Fresno County employers paid out more than $22.1 billion to compensate their workers last year. How much of that did you take home?
New figures from the U.S. Bureau of Economic Analysis revealed that per capita income – the average personal income for every man, woman and child – in Fresno County amounted to just over $40,000 in 2016. That was up 2.5 percent compared to 2015, and includes income from employment, unemployment insurance, dividends, government benefits, retirement payments or just about anything else that puts money in your pocket.
Among neighboring Valley counties, per capita income was reported at $32,287 in Kings County; $37,529 in Madera County; and $37,717 in Tulare County. Statewide, the estimated income per person was $56,374.
Personal income is considered a key factor in how much money people have to help drive an economy, according to the federal report. “Personal income is the income that is available to persons for consumption expenditures, taxes, interest payments, transfer payments to governments and the rest of the world, or for saving,” the bureau reported. The per capita figure, calculated by dividing a county’s total personal income by the mid-year population, “is a useful metric for making comparisons of the level of personal income across counties.”
Across the U.S., per capita personal income ranged from a low of $16,166 in Wheeler County, Georgia to $199,635 in Teton County, Wyoming. Within California, Fresno County’s per capita income ranked 44th among the state’s 58 counties. Tulare was 48th, Madera came in at No. 51 and Kings was 56th. The top-ranked county was affluent Marin County, where per capita income was estimated at $115,952 in 2016.
When it comes to job income for working people in Fresno County, the federal figures show a wide disparity in compensation of employees from one industry sector to another, as well as varying rates of recovery since the 2007-09 recession pulled the wheels off of the local and national economy. The average annual compensation, including pay, benefits, and employer contributions to pensions, Social Security or unemployment insurance, across all industries was reported at $55,775 in 2016. That’s 18 percent higher than the average of just over $47,000 in 2007.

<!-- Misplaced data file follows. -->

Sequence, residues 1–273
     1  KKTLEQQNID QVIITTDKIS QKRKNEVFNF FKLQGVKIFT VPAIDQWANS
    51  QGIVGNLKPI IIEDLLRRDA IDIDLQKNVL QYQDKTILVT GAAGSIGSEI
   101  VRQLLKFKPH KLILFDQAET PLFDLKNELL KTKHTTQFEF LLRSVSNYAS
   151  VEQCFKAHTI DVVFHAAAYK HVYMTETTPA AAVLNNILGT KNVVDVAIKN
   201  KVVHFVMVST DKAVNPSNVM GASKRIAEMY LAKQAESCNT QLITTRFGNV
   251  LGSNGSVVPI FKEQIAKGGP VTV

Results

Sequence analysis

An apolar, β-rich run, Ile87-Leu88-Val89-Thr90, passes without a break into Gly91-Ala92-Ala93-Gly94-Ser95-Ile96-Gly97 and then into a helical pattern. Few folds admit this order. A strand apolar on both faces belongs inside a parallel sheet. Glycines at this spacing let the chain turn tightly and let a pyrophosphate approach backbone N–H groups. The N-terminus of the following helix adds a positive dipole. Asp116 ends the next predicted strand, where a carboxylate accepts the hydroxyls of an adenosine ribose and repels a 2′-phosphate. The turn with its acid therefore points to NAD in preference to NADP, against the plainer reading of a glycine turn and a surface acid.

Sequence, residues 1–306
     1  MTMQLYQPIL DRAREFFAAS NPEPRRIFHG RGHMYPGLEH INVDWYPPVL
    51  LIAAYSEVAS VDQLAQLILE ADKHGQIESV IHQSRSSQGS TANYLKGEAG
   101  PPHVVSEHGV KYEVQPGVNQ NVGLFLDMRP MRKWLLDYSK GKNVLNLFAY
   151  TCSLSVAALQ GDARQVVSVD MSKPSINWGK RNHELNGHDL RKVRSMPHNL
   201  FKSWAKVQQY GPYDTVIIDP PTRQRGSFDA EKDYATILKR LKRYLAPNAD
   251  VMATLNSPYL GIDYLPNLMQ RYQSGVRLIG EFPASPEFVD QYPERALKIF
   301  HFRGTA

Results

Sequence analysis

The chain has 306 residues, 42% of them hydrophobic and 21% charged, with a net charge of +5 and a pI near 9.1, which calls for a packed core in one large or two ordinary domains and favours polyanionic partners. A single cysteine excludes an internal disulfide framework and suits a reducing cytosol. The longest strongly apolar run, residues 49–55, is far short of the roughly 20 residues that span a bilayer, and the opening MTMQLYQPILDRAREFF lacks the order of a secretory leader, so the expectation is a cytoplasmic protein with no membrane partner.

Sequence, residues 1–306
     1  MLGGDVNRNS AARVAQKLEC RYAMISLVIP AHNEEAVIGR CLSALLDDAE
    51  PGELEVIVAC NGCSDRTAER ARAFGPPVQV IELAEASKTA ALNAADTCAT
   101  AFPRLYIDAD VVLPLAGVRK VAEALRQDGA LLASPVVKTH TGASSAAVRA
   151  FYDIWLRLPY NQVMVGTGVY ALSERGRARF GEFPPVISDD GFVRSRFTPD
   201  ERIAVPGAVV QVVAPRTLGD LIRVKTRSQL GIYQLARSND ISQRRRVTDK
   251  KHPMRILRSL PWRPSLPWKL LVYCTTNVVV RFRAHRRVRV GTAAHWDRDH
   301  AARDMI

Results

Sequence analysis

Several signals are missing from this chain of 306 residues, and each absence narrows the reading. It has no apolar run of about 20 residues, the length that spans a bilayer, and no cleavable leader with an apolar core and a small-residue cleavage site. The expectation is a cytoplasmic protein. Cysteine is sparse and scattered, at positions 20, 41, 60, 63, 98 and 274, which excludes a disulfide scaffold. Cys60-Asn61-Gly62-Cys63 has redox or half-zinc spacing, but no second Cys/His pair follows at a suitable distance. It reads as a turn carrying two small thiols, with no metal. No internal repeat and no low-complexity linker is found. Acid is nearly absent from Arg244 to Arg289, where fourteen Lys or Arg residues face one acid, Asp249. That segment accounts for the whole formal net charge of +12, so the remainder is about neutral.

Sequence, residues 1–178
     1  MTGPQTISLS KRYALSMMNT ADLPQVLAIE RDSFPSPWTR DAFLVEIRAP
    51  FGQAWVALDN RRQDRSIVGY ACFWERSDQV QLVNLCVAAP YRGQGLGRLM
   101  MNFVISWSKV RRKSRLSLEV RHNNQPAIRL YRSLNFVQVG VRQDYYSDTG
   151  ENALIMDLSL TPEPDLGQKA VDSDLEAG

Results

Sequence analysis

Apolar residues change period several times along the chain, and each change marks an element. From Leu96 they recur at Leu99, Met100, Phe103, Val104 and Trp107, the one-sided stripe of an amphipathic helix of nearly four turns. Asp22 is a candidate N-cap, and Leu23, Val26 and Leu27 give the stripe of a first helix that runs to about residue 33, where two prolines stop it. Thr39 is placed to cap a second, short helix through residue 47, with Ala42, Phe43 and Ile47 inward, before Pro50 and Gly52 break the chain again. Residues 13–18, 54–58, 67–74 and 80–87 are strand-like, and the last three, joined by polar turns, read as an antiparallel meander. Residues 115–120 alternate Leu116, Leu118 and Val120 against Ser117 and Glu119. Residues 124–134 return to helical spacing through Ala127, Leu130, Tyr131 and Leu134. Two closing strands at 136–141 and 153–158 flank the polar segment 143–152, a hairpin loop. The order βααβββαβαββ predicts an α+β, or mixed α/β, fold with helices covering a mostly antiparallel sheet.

Government employees in Fresno County had some of the highest rates of pay, according to the federal data – an average of about $81,500 for each of the 72,000 federal, state and local government workers working for cities, the county, school districts, special districts, and state and federal agencies with offices in the county.
Some of the private-sector industries with the largest numbers of employees in Fresno County were also among those with the lowest rates of pay. The average compensation for workers in the accommodations and food service industries was $22,281. That’s a category that includes hotel housekeepers and other hotel and motel staffers as well as fast-food workers and restaurant staffers such as cooks, bartenders, servers and others whose income depends, in part, on tips rather than salary from their employers.
In agriculture, farm employees received an average compensation of $25,459 last year. And at retail stores, employees such as cashiers, sales clerks, shelf-stockers and others pulled in an average per worker of just over $30,000 for the year.
At the higher end of the scale in private-sector industries, information – a sector that includes publishing, broadcasting, telecommunications and data processing and hosting – ranked at the top, with an average compensation of $85,839 per employee. That was followed closely by managers of companies and other commercial enterprises with an average of $80,642 in compensation last year.
The construction industry, which took a heavy hit when the housing bubble burst in the late 2000s, saw its average employee compensation grow above its pre-recession levels, even though the number of employees remains well below where it once was. Last year, the average construction worker made about $50,348. That’s up by about $1,800 from 2015’s level, and more than $9,000 higher than it was in 2010, during the depths of the recession’s aftermath. But the industry still lags more than 6,000 workers below the number of employees there were in 2007.
At the low end of the salary spectrum were workers in arts, entertainment and recreation – fields where many jobs may be part-time or intermittent. They include workers in performing arts, spectator sports, museums and historic sites, and amusement, gaming and recreation businesses. The average compensation was reported at $16,338 per employee.
The calculations of average compensation include all positions without distinguishing full-time jobs from part-time. It is a raw mathematical average in which some employees in a given sector make far more while others may make far less.